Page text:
Ampleforth Abbey

25 February 2018

Monastic Poverty and Common Ownership

The Israelites collect Manna from heaven

Abbot Cuthbert Madden OSB comments upon chapter 54 and chapter 55 of the Rule of St Benedict. Abbot Cuthbert joined the community at Ampleforth in 1984. Since then, he has served the community in a wide variety of roles, including Sacristan and Master of Ceremonies, teacher of theology, biology and health education and later housemaster of St John's House in the College. In 2005, he was elected Abbot of Ampleforth.

There is, as we all know, a common misconception abroad that monks are called to live a life of poverty in much the same way as the Franciscans of an earlier age. Even the boys and girls in our schools – despite their living closely with us and the teaching they receive on monasticism, do not always fully understand the way we live and there are even those who cling to the idea that we have taken vows of poverty, chastity and obedience. This presents us with something of a challenge. The truth is that from the very earliest times it has been extremely difficult for monks to live in poverty. Even in the so-called “Golden Age” when monasticism flourished and the desert became a city, becoming a monk meant that one joined a stable way of life and immediately became the beneficiary of that way of serving God. From the earliest times men and women from “the world” showered gifts upon monks and to some extent this continues to the present day. Thus we need to ask ourselves what St Benedict is trying to create in the chapters we are considering.

I hope that you will agree with me that in the first place Benedict is attempting to create a society modelled upon the ecclesia of the Acts of the Apostles where the goods of the community are shared between the members of that community so that the human needs of all are met. We can see from these chapters, and from the chapters on food and drink, that Benedict expects his monks to be appropriately clothed, to be warm in winter, and to have enough to eat and drink. As we reflect on these chapters a little more deeply we see that Benedict's notion of the necessities of life is rather wider than one might at first expect: two habits, not one; pen, needle, writing tablets. These are items which go beyond the need to keep body and soul together. They presuppose a certain respect and care for what we have, and provide also the things necessary for the study which underpins our life’s work of prayer and lectio divina. Thus today we can take it that Benedict would expect the Abbot to provide the more modern, equivalent needs for his Brethren

.We also see in these chapters that Benedict underlines the need for equal treatment, particularly in his chapter on letters and gifts. These can only be accepted with the permission of the Abbot; and that may be given not to their recipient but to a monk with greater need. If the pause for a moment, we can understand this very well: the monk who has no family will not receive the gifts which a monk with a loving family may well receive. A monk possessed of a certain charm whose work brings him into contact with men and women outside the Community may well find himself the recipients of gifts which it is difficult or impossible to refuse but for which he has no real need. Even if he has the need, it might sometimes be more appropriate to give these gifts to others who have no one to give them things. Quite clearly the vice St Benedict wants us to avoid is the all too human trait of acquisitiveness: how easy it is to ensure that our cell is fitted out with all available creature comforts and in so doing create a situation in which covetousness among the monks who possess little flourishes. There is a real need for each of us to watch carefully over what we have in our cell: to ask whether we are really need this or that item, whether we really need this or that gift. It is so easy to be distracted from our real needs, from our real purpose, which is a living and loving relationship with the Lord.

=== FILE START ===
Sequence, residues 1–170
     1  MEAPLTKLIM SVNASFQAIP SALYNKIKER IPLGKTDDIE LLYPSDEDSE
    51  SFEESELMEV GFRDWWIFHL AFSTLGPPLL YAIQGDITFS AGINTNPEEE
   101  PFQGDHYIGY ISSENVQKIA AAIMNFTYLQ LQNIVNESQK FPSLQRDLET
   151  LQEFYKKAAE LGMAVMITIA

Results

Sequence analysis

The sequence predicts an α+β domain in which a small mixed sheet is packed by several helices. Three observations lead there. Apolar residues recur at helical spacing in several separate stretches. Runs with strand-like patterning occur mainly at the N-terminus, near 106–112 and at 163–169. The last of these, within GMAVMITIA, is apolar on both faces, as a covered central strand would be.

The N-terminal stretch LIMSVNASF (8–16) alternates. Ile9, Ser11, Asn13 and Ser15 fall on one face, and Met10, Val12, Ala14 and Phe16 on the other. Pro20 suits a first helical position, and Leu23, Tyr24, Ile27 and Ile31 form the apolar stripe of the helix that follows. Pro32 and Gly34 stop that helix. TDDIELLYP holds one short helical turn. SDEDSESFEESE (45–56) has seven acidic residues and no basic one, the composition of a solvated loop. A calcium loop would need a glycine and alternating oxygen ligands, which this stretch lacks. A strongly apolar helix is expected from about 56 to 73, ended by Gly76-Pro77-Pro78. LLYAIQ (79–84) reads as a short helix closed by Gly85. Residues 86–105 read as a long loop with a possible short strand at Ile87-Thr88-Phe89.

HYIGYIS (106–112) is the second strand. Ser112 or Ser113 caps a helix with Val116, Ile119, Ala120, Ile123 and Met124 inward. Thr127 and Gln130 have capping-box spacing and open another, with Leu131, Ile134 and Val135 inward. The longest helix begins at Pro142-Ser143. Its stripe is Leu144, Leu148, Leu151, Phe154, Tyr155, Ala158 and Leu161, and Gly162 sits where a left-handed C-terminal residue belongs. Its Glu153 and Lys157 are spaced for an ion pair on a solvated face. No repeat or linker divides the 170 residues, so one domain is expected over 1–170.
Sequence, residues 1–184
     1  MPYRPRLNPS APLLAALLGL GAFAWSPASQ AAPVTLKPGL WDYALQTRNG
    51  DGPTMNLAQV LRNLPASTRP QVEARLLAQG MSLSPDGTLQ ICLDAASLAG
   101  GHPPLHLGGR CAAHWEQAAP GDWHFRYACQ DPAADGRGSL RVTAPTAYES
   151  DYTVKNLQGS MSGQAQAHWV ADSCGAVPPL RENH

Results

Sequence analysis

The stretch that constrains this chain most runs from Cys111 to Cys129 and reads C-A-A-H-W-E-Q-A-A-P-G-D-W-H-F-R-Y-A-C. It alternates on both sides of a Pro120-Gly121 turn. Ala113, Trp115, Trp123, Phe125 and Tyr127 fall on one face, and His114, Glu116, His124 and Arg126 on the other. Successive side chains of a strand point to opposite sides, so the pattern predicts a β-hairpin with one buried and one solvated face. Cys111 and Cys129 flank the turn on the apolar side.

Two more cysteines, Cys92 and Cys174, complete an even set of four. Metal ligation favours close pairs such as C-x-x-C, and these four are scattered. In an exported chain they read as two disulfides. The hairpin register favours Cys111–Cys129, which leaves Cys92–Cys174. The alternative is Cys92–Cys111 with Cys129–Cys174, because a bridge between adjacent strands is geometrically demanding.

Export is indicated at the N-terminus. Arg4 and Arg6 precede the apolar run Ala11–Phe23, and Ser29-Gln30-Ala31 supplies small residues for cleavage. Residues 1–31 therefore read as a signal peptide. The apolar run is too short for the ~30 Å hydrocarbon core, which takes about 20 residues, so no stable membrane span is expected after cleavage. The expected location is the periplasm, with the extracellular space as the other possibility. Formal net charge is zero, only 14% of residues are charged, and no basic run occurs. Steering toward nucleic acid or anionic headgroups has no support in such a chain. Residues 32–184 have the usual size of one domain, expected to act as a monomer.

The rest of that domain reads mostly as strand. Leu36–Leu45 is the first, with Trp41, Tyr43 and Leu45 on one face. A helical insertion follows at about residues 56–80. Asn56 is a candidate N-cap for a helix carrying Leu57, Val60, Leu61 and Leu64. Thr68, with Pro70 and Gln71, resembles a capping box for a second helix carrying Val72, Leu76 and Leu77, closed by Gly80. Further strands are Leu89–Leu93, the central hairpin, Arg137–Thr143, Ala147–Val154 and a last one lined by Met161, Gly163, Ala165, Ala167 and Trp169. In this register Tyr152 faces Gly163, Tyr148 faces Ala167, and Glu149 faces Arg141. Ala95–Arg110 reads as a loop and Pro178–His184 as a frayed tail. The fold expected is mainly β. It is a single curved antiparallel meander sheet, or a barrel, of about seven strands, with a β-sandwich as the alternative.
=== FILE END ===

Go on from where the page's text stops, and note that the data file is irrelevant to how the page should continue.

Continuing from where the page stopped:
At the same time as encouraging his monks to embrace a life in which they all have the same expectations for the same quality of clothing, footwear and so on, St Benedict also tells the Abbot that he must take into account the human frailty of his monks. As far as I understand this, it is a question of meeting the individual monk where he is. Sometimes his needs are different to those of his brethren: if he is a scholar he will need books, if he is an artist or artisan he will need the tools of his craft or trade. Generally speaking this does not cause upset. What is more difficult is the monk who is in some sense weaker than his peers, who has to be met halfway to the ideal and then drawn by stages to that ideal. There is a saying in the collection in dealing with Abba Arsenius who had been a senator in Rome where he is criticised for having sandals, a blanket and a bed. The questioner, a rough Copt, is upbraided for not remembering that Arsenius had come from a gentle background and had given up a lot to become a monk whereas he, the Copt, had actually gained a better standard of living by becoming a monk, despite the obvious austerity of his life.

In short, the ideal is that we truly live a common life but that we recognise with the charity of Christ the differences between us and try always to believe that the Abbot is doing his best to bring everyone, little by little, to that perfect love of Christ which casts out all murmuring within the Community and brings us all to everlasting life.